Sept. 29, 1994
Vol. 14, No. 3

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    Compton Lectures series: 'Great Mistakes in Science'

    From cold-fusion fiasco to how Einstein goofed Some of the most notorious scientific missteps of the modern age will be explored in "Great Mistakes in Science: The Difficulties of Experimental Physics," a series of free, public lectures presented on Saturday mornings from Oct. 1 through Dec. 10. All lectures in the series will begin at 11 a.m. in Kersten 115.

    The lectures will be presented by Aaron Roodman, Research Scientist in the Enrico Fermi Institute. Roodman believes that looking at mistakes and how they were made is a good way to learn how science really works.

    "There's a common misperception about how science works: a scientist sets up an experiment, adjusts some dials, reads the data, and it's done. Science is almost never that easy. These lectures will show how difficult it really is to do experimental science -- and how even good people can get tripped up," Roodman said.

    The lectures will cover a range of topics, from the well-known cold-fusion fiasco to lesser-known mistakes, such as how Nobel laureate Leon Lederman discovered the same fundamental particle twice and how Albert Einstein once goofed by a factor of two.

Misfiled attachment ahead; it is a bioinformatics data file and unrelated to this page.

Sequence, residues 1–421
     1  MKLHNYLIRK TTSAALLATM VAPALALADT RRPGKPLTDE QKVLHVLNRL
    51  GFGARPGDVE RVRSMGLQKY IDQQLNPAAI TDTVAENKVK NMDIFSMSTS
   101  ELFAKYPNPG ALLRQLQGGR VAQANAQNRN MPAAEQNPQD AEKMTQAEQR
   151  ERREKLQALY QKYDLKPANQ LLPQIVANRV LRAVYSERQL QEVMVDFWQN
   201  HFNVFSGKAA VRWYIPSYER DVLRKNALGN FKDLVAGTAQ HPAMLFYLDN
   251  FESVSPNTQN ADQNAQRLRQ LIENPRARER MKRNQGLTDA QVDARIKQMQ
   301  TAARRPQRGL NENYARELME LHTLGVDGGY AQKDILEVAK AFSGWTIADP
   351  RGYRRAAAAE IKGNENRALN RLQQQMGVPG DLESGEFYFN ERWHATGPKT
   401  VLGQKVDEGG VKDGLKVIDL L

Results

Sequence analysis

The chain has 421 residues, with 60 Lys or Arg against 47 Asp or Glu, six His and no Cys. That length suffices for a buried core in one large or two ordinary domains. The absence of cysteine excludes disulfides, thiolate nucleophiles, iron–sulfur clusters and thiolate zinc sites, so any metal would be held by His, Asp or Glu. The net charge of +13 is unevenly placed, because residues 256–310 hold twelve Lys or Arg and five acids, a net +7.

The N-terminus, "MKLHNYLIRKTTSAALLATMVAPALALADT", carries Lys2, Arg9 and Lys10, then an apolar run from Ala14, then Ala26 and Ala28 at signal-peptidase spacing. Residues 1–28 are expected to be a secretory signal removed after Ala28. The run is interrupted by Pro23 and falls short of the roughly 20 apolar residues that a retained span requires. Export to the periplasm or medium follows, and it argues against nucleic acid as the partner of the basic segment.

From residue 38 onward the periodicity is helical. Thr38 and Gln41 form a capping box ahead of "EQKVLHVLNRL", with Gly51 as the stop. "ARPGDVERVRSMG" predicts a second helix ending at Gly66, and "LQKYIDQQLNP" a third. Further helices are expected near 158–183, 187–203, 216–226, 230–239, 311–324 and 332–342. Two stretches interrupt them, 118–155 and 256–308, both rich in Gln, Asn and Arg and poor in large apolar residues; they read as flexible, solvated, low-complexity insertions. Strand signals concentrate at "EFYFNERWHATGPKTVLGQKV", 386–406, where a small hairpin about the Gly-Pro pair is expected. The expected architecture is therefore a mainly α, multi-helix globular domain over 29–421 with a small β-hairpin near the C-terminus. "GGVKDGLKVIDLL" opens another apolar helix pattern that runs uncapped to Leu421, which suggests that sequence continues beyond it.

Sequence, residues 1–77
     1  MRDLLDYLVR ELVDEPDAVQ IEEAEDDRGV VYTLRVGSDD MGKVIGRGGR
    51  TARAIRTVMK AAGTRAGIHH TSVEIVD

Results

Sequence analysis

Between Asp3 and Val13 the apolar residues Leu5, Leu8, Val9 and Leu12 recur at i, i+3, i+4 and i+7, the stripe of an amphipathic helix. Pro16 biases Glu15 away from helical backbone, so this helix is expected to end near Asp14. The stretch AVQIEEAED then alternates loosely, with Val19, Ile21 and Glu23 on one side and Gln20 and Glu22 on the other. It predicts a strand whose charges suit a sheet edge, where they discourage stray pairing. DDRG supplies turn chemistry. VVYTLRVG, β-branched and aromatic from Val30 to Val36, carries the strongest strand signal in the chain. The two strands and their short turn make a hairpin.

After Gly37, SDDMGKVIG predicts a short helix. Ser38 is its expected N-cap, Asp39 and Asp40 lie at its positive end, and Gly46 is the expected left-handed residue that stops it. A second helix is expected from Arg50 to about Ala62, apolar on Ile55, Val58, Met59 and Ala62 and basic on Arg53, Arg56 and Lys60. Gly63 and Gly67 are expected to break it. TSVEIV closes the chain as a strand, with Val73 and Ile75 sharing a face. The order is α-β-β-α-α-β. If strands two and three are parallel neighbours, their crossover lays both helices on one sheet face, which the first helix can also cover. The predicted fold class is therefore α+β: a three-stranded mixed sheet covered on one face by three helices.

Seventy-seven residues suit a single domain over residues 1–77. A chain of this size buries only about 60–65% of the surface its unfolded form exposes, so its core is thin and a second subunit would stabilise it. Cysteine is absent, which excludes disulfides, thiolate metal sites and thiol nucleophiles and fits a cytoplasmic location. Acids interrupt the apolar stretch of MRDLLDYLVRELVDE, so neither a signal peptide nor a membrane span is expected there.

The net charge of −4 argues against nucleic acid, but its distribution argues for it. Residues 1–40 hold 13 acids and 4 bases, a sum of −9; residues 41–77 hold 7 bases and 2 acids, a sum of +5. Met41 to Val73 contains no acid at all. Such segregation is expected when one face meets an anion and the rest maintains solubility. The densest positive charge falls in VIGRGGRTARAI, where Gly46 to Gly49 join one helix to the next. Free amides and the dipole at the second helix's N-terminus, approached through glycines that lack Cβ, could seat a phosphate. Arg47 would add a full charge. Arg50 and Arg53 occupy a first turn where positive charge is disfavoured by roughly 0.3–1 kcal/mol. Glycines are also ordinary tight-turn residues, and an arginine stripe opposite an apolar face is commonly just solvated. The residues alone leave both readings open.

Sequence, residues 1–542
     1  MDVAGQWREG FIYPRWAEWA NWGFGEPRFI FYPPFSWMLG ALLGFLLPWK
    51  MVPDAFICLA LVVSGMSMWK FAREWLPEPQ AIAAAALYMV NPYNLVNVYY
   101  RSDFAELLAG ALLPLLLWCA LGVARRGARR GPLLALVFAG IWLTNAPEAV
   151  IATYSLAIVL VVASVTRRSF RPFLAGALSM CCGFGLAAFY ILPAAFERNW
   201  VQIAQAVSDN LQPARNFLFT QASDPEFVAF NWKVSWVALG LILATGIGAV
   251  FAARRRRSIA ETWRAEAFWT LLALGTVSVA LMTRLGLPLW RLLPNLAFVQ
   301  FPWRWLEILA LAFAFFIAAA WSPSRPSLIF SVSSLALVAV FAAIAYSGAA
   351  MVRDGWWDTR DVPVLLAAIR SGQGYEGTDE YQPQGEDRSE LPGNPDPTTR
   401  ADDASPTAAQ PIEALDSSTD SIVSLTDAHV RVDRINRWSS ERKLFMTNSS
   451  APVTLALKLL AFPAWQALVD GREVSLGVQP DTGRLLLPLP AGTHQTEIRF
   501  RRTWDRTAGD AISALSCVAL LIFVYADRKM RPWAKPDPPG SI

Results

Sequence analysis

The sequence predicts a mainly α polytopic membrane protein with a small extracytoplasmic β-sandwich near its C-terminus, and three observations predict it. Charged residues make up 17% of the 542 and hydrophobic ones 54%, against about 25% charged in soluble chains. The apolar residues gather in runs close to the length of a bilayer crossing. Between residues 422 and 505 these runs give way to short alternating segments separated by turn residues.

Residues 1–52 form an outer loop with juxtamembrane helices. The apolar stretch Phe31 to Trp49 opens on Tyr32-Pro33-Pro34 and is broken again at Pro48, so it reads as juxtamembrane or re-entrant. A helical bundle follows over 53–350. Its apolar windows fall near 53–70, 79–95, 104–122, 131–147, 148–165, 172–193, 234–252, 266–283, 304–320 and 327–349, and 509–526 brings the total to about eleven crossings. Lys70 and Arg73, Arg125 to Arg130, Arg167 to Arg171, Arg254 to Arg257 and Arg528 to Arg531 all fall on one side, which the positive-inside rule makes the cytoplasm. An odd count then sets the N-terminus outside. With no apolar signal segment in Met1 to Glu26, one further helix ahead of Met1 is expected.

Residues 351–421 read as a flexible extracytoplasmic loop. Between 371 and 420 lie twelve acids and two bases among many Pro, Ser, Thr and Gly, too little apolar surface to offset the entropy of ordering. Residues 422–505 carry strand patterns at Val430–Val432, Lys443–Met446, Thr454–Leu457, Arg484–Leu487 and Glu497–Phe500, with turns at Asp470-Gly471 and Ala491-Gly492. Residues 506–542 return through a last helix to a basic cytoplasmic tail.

A practicing experimental physicist, Roodman has been on staff at the Fermi Institute since receiving his Ph.D. from the University in 1991.

    The talks are part of the Arthur Holly Compton Lectures, a series that is now in its 20th year and is sponsored each fall and spring by the Enrico Fermi Institute. Arthur Holly Compton was a University physicist and a Nobel laureate who was best known for demonstrating that light has the characteristics of both a wave and a particle. He was also a member of the research team that in 1942 produced the world's first controlled, self-sustaining nuclear reaction.

    The lectures are intended to make science accessible to a general audience and to convey the excitement of new discoveries in the physical sciences. Topics have ranged from the smallest fundamental particles of matter to the history of the universe.

    The lectures in this series are "A Model Experiment," Oct. 1; "The Science of Things That Aren't So," Oct. 8; "Cold-Fusion Fiasco," Oct. 15; "Einstein's Factor of 2," Oct. 22; "Millikan and the Cosmic Rays," Oct. 29; "Gravity Waves," Nov. 5; "The Fifth Force," Nov. 12; "The Oops-Leon," Nov. 19; "A Lighter Top Quark," Dec. 3; and "The Neutrino From Hell," Dec. 10. No lecture is scheduled for Saturday, Nov. 26.

    For more information, call 702-7823.